She grabbed the microphone back and started clarifying that she really, really, really is a brand and brands are awesome . . . and the more she went on, the more I thought: I am not a brand. I wanted to whisper it, but that would have been creepy.
That quote is from Maureen Johnson’s most excellent blog post on how she feels about social media.
She says something I’ve tried to say several times here, only she says it far better. If I could get away with it, I’d just post what she says here and point at it. So, that’s essentially what I’m doing. I’m assuming you all clicked and went to read it already.
Though I confess my favorite part is when she wants to whisper to herself that she’s not a brand, but decides it would be creepy.
The interwebs have their decidedly creepy aspect. People behave in odd ways, act aggressive or just plain nutty sometimes. Enough so that I’ve researched a few to try to determine if they’re really as nutty as they seem or if it’s a communication issue. That said, I’ve met far more really great people, some of whom I’ve gone on to meet in person. Which is really the point of the whole social media thing.
I confess I started using both Facebook and Twitter to pimp my blog. I know, I know – but if I was going to write the damn thing, I wanted someone besides my mother to read it and that seemed to be the way to go. It worked, too. But, to my surprise, I found I really enjoy the communities I’m now part of. There are people I talk to every day and who miss me when I’m gone – which is always comforting in a someone-will-find-me-before-the-pets-totally-consume-my-body kind of way.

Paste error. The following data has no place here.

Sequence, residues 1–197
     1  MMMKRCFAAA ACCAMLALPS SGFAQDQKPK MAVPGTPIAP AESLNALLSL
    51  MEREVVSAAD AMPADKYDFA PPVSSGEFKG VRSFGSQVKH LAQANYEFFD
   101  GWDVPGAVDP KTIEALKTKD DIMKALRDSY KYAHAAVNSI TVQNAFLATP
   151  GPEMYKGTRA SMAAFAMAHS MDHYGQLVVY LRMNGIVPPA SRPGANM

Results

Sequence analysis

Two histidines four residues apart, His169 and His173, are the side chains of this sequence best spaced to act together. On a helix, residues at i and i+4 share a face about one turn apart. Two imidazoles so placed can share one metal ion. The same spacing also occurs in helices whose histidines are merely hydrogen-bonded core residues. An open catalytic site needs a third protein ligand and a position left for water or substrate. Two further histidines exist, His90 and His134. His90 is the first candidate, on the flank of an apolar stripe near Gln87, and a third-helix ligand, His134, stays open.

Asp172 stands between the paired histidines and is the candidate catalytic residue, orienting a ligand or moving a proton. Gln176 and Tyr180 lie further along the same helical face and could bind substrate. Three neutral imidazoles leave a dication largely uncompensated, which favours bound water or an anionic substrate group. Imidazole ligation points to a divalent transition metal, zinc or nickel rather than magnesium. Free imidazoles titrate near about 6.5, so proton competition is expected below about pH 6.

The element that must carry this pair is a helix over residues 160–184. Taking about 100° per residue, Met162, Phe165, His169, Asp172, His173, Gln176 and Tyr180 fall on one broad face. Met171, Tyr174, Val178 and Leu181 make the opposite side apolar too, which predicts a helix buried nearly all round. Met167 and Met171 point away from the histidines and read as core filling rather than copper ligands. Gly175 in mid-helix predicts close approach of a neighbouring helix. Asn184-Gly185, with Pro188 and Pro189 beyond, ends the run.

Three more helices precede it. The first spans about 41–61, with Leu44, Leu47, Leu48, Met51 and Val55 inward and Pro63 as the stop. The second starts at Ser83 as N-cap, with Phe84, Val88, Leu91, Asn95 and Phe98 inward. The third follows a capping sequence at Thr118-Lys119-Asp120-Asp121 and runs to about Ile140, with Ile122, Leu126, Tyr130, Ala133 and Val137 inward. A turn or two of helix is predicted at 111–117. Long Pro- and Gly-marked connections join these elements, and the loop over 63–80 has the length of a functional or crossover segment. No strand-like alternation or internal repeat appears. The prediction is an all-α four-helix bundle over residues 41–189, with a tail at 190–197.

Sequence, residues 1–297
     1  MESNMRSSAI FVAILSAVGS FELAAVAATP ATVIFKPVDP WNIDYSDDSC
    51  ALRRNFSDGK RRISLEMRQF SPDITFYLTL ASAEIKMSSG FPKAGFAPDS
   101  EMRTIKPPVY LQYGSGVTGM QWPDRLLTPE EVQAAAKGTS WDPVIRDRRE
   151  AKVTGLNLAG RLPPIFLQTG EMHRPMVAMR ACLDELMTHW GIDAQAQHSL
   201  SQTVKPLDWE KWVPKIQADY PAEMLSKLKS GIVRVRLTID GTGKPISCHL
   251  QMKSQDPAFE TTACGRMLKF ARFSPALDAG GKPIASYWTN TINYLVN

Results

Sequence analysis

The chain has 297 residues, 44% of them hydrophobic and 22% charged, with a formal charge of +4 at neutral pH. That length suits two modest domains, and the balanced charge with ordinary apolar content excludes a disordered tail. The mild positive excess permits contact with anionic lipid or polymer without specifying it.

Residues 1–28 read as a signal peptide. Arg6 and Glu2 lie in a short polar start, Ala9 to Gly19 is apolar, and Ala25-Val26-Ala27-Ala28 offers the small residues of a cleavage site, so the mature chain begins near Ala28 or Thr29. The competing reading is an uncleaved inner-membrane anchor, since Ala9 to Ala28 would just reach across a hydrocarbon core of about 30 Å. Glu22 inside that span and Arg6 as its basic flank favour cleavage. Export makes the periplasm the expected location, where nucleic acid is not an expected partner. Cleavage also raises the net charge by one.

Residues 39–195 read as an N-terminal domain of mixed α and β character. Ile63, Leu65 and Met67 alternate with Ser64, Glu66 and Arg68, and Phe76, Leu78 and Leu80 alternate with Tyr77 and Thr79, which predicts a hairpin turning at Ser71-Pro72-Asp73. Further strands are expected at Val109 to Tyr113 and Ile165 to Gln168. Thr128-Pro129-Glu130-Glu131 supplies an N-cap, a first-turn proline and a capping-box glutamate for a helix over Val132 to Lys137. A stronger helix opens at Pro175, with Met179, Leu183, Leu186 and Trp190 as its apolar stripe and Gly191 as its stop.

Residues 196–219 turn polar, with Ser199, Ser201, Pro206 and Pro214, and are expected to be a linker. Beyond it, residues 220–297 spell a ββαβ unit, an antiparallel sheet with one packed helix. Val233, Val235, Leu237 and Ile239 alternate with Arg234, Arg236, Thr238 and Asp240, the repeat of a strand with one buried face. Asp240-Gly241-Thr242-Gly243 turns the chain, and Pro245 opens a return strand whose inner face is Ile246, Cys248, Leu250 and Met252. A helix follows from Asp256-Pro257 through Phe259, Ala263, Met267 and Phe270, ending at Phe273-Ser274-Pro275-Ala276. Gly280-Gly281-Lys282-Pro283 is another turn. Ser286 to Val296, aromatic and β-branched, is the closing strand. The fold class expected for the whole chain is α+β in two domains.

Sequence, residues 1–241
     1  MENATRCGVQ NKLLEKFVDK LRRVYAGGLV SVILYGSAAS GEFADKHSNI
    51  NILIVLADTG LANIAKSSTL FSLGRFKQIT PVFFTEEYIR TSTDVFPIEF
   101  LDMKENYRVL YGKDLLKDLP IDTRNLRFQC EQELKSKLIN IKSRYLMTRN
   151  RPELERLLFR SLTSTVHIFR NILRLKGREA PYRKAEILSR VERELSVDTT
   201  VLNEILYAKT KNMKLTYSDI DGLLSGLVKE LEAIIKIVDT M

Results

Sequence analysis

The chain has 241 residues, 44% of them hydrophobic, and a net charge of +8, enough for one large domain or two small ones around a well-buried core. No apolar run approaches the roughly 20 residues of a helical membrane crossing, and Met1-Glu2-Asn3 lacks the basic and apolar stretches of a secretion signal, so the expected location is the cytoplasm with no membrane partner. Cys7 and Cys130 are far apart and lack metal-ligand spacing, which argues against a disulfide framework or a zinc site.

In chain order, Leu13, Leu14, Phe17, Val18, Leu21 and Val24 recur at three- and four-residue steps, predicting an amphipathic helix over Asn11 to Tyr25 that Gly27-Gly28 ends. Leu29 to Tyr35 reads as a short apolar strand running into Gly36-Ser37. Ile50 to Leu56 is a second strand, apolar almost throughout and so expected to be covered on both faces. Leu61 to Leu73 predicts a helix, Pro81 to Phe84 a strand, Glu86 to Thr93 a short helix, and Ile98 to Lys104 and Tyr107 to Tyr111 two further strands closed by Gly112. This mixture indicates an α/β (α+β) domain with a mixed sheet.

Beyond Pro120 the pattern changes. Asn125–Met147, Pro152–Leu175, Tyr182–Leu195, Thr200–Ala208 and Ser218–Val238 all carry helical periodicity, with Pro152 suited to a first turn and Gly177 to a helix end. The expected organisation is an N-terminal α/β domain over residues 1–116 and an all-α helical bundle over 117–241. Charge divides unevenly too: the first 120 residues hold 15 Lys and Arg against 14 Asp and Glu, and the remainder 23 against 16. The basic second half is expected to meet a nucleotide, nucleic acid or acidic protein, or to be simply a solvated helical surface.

But Maureen is dead-on about the shysters, the shills, the snake-oil salesmen. One author I unfollowed after less than a day because he tweeted, in all caps, to buy his book, every hour, all day long.
No no no.
It’s no fun to be friends with a brand. That’s what it comes down to, really. I might like Burt’s Bees, and expect a certain quality in the products that pleases me with its consistency and nice scents, but I don’t expect to interact with my Beeswax Lip Balm. Beyond keeping my lips kissable, of course.
Authors are different. When we love their books, we want to talk to the people who wrote them. We have this odd tendency to feel like they’re friends because we spent time wrapped in their view of the world. And man authors – certainly not all – like to interact with their readers because, well, otherwise we never really get to be part of that experience.
Storytelling is intimate. Personal. It’s not like selling lip balm.
I am not a brand, she whispered quietly to herself.